Justice System

The Prison Litigation Reform Act (PLRA) states that when a prisoner wins a civil rights case “a portion of the judgment (not to exceed 25 percent) shall be applied to satisfy” his or her attorney’s fees award.

In Murphy v. Smith the Supreme Court ruled 5-4 that this statute means “the court must pay the attorney’s entire fee award from the [prisoner’s] judgment until it reaches the 25% cap and only then turn to the [prison guards].” In other words, the court may not exercise its discretion and take any amount it wishes from the prisoner’s judgment to pay the attorney “from 25% down to a penny.”

CSG Midwest
Minnesota Rep. Marion O’Neill first became aware of the prevalence of mental health and substance abuse disorders in the state’s prisons while serving on the Legislature’s Prison Population Task Force in 2015.
CSG Midwest
Minnesota Rep. Marion O’Neill first became aware of the prevalence of mental health and substance abuse disorders in the state’s prisons while serving on the Legislature’s Prison Population Task Force in 2015.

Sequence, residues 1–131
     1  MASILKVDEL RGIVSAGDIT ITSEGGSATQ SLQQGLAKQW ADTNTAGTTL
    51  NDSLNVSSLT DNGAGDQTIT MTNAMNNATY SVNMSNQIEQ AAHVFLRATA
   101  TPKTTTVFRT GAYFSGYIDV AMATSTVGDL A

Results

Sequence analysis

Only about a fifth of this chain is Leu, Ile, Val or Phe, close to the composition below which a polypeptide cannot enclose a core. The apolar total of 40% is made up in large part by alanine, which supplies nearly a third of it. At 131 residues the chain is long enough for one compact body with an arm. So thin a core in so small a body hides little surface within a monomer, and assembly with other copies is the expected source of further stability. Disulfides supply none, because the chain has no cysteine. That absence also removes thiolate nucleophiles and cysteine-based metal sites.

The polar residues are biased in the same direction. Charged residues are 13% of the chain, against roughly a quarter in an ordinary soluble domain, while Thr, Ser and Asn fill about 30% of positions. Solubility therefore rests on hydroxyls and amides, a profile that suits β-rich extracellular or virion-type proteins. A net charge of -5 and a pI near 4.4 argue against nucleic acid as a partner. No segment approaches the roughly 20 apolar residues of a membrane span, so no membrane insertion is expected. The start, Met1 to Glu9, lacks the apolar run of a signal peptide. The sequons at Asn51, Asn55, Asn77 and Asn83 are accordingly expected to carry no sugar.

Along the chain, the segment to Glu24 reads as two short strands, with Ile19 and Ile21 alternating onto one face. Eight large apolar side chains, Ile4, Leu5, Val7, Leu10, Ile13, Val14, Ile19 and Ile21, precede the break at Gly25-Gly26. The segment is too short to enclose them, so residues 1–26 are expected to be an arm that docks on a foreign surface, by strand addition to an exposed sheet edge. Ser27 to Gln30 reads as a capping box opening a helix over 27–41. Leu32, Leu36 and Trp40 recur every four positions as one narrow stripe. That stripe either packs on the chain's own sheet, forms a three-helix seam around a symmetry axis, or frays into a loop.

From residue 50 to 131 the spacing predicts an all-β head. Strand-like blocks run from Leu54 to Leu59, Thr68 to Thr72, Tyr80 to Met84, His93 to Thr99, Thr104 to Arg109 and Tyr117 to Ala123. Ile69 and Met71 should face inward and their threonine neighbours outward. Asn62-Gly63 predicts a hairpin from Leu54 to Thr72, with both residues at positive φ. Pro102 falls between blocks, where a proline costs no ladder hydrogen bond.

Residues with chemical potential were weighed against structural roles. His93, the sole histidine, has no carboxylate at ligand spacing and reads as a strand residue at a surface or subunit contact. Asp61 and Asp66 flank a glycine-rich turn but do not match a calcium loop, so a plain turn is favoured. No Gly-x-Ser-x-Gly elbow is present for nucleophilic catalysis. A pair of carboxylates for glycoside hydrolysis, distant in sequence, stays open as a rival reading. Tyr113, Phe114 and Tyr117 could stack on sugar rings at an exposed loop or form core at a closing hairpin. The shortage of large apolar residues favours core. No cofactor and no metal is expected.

State corrections officials told the task force that 85 percent to 90 percent of inmates had a chemical dependency, 60 percent had mental health issues, and 11 percent were severely mentally ill.
“It was clear we needed to address these individuals’ underlying issues, not just the criminal behavior,” O’Neill says.
She also learned that the majority of prison admissions — 64 percent in 2016 — were people whose parole or probation was revoked due to technical violations such as missing a meeting or failing a drug test, as opposed to individuals who had committed new crimes.
This year, O’Neill sponsored legislation that requires parole and probation agents to consider community-based alternatives to incarceration for nonviolent drug offenders who violate the conditions of their probation or parole.
Under the new law, before revoking an offender’s probation or parole for a technical violation, agents must identify “options to address and correct the violation,” such as inpatient substance abuse treatment.